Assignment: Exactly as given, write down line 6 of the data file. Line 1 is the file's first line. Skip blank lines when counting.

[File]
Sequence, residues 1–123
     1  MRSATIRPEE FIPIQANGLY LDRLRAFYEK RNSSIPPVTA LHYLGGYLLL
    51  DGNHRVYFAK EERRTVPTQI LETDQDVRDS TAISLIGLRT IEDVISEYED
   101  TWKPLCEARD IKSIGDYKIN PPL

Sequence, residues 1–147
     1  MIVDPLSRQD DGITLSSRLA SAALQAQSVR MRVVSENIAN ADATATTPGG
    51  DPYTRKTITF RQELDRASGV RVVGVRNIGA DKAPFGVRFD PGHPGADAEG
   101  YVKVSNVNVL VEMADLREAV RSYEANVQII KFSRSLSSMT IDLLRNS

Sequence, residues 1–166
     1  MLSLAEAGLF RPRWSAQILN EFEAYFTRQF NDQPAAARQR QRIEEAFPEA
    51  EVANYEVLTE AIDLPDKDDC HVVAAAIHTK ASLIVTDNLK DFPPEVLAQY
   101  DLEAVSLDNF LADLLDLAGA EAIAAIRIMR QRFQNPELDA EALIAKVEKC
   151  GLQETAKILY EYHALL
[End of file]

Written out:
     1  MIVDPLSRQD DGITLSSRLA SAALQAQSVR MRVVSENIAN ADATATTPGG